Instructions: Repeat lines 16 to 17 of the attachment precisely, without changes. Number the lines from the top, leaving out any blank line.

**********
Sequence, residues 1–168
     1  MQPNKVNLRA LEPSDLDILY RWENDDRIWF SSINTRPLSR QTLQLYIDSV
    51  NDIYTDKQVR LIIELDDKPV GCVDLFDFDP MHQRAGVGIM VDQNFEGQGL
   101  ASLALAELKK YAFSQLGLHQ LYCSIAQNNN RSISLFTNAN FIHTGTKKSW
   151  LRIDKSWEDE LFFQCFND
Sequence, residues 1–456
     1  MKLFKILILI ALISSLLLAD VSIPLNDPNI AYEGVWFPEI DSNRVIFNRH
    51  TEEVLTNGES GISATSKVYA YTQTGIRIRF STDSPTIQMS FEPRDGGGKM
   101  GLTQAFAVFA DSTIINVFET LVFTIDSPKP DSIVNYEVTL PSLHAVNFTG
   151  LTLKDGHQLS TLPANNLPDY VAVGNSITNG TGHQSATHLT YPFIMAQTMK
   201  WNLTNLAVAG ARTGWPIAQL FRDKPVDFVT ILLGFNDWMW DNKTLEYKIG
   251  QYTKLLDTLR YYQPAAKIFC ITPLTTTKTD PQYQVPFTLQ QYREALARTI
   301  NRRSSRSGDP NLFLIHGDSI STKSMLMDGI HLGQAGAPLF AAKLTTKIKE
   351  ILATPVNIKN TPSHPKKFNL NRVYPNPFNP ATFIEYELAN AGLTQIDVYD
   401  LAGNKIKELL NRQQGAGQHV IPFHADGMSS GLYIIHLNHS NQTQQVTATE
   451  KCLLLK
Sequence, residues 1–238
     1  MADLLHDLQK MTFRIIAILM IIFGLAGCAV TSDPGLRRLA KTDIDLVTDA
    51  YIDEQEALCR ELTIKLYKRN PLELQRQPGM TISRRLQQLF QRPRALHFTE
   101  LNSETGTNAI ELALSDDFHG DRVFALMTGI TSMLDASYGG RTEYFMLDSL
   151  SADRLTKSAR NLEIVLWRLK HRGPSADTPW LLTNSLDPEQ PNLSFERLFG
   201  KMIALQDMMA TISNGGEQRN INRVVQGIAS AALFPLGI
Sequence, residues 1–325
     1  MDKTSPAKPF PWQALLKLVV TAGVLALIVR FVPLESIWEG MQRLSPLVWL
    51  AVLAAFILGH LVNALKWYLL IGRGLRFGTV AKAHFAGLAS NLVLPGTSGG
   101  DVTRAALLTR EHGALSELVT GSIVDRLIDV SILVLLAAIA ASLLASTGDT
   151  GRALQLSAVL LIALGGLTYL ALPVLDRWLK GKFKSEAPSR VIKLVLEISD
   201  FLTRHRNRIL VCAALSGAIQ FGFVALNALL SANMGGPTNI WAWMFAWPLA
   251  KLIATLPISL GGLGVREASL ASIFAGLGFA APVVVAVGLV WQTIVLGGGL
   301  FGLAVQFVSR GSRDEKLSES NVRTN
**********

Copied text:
   451  KCLLLK
Sequence, residues 1–238